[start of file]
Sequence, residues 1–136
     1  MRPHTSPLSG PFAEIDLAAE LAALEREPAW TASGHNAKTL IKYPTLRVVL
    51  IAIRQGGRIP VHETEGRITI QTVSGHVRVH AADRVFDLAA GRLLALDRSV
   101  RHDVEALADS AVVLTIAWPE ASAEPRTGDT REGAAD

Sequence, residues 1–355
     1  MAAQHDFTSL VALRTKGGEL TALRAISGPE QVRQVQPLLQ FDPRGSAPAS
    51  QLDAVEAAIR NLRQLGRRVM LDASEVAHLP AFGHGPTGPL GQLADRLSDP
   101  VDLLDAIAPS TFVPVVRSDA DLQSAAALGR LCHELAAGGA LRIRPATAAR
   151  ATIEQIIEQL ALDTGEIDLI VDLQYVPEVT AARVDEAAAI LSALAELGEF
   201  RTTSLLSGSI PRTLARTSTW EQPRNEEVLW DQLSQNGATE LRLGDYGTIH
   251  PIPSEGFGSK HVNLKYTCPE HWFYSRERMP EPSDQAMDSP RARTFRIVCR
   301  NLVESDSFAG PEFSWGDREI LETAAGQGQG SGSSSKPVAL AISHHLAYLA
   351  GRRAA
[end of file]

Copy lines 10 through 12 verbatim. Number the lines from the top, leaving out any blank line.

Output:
   201  RTTSLLSGSI PRTLARTSTW EQPRNEEVLW DQLSQNGATE LRLGDYGTIH
   251  PIPSEGFGSK HVNLKYTCPE HWFYSRERMP EPSDQAMDSP RARTFRIVCR
   301  NLVESDSFAG PEFSWGDREI LETAAGQGQG SGSSSKPVAL AISHHLAYLA